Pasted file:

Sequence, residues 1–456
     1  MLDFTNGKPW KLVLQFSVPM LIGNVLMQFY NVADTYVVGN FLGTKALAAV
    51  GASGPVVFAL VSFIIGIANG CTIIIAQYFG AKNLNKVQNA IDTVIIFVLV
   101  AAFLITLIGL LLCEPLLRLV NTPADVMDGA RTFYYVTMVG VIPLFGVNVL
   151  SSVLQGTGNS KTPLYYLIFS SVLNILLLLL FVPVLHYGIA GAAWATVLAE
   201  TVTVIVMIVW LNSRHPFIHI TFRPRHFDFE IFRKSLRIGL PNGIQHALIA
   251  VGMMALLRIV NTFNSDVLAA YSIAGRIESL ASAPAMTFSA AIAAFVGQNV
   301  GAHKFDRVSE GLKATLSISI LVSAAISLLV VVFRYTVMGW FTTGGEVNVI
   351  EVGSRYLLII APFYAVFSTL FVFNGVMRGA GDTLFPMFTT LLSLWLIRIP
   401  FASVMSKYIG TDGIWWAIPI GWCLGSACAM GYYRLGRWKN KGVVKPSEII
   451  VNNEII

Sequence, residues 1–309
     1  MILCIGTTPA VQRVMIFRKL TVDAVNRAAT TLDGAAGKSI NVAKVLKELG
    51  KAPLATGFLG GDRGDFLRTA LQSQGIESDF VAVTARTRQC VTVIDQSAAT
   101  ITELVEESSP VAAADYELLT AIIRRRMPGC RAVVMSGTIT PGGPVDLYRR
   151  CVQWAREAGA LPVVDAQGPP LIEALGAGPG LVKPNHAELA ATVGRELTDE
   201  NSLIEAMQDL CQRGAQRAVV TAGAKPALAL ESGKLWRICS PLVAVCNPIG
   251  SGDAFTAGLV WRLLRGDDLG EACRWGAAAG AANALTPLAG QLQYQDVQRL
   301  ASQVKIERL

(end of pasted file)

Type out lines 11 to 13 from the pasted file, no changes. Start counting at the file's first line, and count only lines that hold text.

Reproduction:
   451  VNNEII

Sequence, residues 1–309
     1  MILCIGTTPA VQRVMIFRKL TVDAVNRAAT TLDGAAGKSI NVAKVLKELG